Flood update: Gatineau is being proactive and getting preparations underway for restoration
Gatineau, May 8, 2023.
– Gatineau is starting preparations for a gradual restoration that could begin in the next few days. That being said, we must be careful, and shoreline property owners must remain vigilant and keep all protective walls in place until further notice. In addition, Gatineau is doing everything it can to reopen streets as soon as conditions allow to do so safely. Crews are at the ready and actively engaged in the process.
It should be noted that even if water levels gradually fall, several streets may remain closed or open to local traffic only until they are back in shape. Before reopening a street, municipal crews must check a number of things, which could take several days. Given that roads have been flooded for so long, there may be damage to their foundations. Also, in order to start their checks, crews have to wait until the pavement is completely dry, which may take several more days. Gatineau is calling on residents to be patient and understanding, as these precautions are aimed at ensuring their safety.
Municipal measures while waters recede
|●||At this point, 44 streets are closed.|
|●||The impact of flooding on a pavement is similar to that of a thaw. Full recovery can take several weeks.|
|●||Water saturation of a road can lead to loss of weight-bearing capacity. There can be 2 to 15 times more damage. Some roads will have to be repaired before they can be reopened.|
|●||As soon as the water has receded, Gatineau goes through the following steps before opening a street: |
- checking every street, including for erosion to the pavement and its condition;
- conducting capacity tests;
- cleaning up debris;
- reopening the street and updating the map; and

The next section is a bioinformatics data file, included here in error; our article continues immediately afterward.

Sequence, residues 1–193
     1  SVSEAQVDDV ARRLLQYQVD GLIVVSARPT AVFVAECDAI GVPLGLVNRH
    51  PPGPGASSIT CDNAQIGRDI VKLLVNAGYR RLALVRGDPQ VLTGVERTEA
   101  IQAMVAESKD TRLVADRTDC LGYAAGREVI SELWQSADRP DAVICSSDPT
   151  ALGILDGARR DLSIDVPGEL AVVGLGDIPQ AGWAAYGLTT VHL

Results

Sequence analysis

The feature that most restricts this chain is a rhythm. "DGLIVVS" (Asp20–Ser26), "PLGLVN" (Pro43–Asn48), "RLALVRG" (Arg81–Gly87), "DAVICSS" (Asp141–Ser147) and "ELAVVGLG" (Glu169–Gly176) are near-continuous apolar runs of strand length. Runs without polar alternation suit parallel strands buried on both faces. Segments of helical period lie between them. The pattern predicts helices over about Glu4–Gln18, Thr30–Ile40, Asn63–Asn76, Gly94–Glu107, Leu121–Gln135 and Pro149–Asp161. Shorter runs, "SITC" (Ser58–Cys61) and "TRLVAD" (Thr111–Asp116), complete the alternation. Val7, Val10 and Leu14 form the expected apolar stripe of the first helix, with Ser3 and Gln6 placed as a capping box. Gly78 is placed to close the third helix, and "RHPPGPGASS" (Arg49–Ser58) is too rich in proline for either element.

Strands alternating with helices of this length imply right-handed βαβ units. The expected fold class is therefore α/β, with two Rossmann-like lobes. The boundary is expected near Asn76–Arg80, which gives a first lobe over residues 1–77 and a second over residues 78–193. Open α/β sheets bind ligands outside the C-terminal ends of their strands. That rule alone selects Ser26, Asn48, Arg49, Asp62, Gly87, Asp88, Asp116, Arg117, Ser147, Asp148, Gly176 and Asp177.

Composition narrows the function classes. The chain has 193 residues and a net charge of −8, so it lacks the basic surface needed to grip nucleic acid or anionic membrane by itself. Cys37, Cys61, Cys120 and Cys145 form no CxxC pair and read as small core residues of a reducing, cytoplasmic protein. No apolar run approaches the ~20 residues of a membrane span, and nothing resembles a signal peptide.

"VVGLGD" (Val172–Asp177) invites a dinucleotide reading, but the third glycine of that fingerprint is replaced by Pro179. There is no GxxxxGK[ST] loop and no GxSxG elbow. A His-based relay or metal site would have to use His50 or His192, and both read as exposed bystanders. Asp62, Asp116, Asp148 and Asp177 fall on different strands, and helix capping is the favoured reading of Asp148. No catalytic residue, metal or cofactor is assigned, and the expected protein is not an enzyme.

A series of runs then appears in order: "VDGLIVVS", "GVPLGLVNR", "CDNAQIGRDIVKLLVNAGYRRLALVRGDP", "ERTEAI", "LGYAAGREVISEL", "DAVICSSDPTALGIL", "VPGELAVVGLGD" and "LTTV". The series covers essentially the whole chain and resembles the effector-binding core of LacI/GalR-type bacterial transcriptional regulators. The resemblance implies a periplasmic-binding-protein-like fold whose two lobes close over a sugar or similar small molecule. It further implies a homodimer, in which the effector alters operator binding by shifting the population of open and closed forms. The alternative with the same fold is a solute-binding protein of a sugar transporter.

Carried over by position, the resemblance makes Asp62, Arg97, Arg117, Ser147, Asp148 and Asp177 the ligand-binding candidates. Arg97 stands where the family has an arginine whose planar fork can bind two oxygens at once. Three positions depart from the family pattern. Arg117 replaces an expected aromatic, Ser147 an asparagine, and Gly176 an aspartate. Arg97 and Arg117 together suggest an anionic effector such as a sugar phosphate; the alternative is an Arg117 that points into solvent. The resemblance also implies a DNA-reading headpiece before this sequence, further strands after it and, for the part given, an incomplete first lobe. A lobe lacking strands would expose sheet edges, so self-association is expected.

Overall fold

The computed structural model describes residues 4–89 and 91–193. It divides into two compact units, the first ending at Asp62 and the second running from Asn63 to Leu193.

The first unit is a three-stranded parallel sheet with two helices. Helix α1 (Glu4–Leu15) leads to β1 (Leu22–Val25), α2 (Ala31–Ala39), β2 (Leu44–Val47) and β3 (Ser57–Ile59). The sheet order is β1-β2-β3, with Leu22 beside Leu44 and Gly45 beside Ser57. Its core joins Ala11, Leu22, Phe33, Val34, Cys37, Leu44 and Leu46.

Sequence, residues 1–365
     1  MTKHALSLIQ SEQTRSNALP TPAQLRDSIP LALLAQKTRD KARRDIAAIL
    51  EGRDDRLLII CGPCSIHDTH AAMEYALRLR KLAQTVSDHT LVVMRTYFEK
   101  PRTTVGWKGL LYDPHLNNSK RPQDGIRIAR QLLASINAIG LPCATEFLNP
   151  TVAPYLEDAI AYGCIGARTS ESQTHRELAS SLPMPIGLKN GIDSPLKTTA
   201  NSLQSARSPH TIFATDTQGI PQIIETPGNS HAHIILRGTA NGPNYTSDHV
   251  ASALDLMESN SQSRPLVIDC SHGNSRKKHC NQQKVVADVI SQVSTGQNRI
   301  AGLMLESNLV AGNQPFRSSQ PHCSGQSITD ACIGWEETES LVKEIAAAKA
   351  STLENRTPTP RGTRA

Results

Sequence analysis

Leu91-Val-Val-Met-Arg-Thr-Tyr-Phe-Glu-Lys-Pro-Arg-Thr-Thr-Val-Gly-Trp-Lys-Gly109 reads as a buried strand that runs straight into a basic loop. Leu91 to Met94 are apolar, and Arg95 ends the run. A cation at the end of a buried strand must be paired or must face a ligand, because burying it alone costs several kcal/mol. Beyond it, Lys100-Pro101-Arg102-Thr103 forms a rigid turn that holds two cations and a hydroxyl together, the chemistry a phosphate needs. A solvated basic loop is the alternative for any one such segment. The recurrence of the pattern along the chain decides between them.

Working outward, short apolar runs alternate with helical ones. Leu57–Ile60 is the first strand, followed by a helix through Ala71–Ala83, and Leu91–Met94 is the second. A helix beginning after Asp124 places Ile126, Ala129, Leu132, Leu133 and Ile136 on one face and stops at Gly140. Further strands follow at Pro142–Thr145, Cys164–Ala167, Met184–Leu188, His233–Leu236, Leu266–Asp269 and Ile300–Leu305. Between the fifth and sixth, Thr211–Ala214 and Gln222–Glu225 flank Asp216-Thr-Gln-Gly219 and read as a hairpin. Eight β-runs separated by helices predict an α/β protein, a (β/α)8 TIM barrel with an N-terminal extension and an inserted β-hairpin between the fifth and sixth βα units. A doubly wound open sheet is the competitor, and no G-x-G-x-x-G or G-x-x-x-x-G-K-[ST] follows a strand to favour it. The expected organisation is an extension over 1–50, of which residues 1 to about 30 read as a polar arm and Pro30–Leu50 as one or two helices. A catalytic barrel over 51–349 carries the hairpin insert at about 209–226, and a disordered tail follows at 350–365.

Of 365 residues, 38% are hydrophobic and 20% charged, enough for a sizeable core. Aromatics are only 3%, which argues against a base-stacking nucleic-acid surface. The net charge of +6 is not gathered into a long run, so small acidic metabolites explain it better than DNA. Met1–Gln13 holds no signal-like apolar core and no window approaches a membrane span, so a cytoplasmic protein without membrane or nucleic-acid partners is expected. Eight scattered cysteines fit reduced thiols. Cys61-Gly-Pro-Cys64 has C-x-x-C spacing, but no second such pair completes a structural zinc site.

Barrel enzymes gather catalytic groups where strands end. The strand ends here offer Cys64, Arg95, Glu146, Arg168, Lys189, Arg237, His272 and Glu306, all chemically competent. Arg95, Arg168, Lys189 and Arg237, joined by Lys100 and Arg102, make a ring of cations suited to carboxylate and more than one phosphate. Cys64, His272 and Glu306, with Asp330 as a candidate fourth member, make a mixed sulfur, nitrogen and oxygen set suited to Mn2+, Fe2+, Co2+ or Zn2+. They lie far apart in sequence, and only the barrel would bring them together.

- as soon as a street is reopened, the fire department visits the homes and informs residents of the steps to follow before their electricity or gas can once again be turned on.
|●||The goal is to reopen streets as quickly as possible while ensuring the safety of residents.|
|●||It may take several weeks to reopen all streets, particularly those running along a river.|
|●||Water levels are continuing to drop slightly, and will remain high for another week or two. However, they could rise again in the event of heavy rainfall.|
|●||To date, 735 people have registered with Ville de Gatineau. Of those, 133 are in the care of the Red Cross and are being housed in hotels.|
|●||All shoreline property owners whose natural gas meters have been shut off for safety reasons can contact Gazifère directly at gazifere.com or 819-771-8321, option 2.|
|●||Certain sandbag distribution sites will be closed as of tomorrow, but you can rest assured that other sites will have enough bags for all shoreline property owners. Consult the interactive map at gatineau.ca/crue to find out more about road conditions, sandbag distribution sites, parking available to shoreline property owners, and areas that could be affected.|
|●||“As you can see, Gatineau is being proactive and already starting preparations for restoration, even though the situation remains precarious. As water levels drop, we understand that shoreline property owners are eager to return to normal life and be able to get around freely. However, I ask you for patience, because certain checks remain to be done before streets can be reopened. Gatineau's priority is first and foremost to ensure the public's safety, and every step will be carried out accordingly,” indicated Gatineau Mayor France Bélisle.|